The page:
Digital certificate vs. SSL service

What is the difference between a Digital Certificate and an SSL service?

They don’t manage the same thing? The supported cipher algorithms are not in the Digital Certificate?

Because there’re 2 findings FIN.S.0049. Insecure digital certificates and FIN.S.0052. Insecure cipher algorithms, when we talk about an SSL cipher like TLS it is not better to report a condensed FIN.S.0049? Or they’re different in this scenario?

They are different things. A digital certificate is a kind of identifier of a SSL service. It works like this:

  1. A SSL client (a browser for example) wants to talk with a SSL service to exchange sensitive information (credentials, credit card numbers).

  2. The client will start a negotiation with the SSL service in which the client will send the versions (SSLv3, TLSv1.0, TLSv1.3 etc), cipher suites (stream-based like CHACHA20 or block-based like AES or 3DES), keyexchanges (RSA) and extensions (Heartbeat, SNI, Encrypt-Then-Mac, etc) it supports in a ClientHello request.

  3. The SSL service receives the ClientHello and will negotiate if any of the offered configurations is supported. If any matching configuration is supported, the SSL service will send a ServerHello response with the accepted configuration along with the digital certificate.

  4. This certificate tells things like what is the name of the service, the company it belongs to and other information (certificate subject).

  5. The certificate also has a lifespan (2 years is the maximum secure lifespan).

  6. The client will need to be sure that the service is trustworthy.

  7. But how does the client know if the information in the certificate is real? The certificate must be signed by a recognized certificate authority (CA). A recognized CA will sign the certificate only after passing several identity checks. Once signed, this certificate will tell the clients of this SSL service to trust it because the CA made those identity checks.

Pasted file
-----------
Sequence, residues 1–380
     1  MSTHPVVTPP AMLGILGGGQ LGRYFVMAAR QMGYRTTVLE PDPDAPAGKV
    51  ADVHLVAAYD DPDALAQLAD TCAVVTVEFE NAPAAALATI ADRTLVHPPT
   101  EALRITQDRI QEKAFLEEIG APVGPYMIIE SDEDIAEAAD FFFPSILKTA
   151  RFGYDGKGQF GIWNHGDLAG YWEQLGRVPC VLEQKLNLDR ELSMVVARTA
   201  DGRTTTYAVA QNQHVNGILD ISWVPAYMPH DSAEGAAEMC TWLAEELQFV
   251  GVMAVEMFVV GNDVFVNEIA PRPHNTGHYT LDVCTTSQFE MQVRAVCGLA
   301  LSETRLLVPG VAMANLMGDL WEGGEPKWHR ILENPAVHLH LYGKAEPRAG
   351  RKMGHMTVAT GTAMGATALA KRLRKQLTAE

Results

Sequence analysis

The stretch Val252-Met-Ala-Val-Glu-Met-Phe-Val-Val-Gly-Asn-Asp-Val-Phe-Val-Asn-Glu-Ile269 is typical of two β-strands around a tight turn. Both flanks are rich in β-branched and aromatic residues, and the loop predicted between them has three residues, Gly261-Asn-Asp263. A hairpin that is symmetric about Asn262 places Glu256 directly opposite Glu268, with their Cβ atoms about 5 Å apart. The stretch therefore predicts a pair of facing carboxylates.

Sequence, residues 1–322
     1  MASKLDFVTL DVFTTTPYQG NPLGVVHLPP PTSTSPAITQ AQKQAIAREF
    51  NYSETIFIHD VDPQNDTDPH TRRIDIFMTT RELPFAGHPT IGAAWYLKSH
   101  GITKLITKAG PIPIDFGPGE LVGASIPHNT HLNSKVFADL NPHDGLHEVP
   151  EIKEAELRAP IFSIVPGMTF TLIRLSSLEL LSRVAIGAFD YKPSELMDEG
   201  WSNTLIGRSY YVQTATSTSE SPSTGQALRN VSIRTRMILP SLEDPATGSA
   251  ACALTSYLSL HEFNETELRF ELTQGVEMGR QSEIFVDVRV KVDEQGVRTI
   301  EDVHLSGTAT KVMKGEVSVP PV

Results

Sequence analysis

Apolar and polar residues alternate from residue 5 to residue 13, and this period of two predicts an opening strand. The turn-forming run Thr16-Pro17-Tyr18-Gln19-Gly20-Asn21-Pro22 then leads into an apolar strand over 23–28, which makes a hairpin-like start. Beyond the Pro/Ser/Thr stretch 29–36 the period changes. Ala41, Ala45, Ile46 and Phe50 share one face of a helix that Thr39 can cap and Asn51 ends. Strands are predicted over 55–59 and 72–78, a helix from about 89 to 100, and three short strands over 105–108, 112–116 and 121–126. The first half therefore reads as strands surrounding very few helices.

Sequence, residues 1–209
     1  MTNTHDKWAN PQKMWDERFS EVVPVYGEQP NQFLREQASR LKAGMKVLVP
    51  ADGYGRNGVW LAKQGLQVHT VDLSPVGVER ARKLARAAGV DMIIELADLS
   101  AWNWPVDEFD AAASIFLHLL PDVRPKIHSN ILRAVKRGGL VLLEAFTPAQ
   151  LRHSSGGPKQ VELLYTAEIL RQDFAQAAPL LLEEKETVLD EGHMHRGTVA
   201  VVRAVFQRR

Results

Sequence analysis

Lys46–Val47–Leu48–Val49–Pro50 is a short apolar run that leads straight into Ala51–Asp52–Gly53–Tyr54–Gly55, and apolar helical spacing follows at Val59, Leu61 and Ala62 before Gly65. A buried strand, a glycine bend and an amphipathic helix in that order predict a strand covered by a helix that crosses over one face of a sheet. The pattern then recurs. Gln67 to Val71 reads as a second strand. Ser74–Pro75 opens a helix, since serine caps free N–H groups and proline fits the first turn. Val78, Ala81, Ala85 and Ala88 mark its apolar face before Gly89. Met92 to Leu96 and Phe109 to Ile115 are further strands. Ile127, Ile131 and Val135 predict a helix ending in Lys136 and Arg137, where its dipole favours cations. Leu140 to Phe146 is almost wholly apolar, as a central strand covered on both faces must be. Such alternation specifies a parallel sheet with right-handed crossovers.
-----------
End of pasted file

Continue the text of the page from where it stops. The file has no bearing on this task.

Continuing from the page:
8. So, to this point, the client received the certificate of the SSL service and will decide whether to trust it or not or even skip it altogether.

  9. The client will then send a sample message (pre-master) to the SSL service using the public key of the certificate. If the the SSL service is really the owner of that certificate, it must have the private key to decrypt that message and will sent the response to the client.

  10. After a successful negotiation and verification of the certificate, the client will start sending the sensitive data to the SSL service.

So, after this explanaition, it is clear that there are vulnerabilities that applies to the digital certificate and other that applies to a SSL service. For example, supporting obsolete SSL versions (SSLv3, TLSv1.0, etc) is a fault of the SSL service, not the digital certificate. An expired certificate is fault of the certificate, not the SSL service.

I hope this clarifies the difference between both things.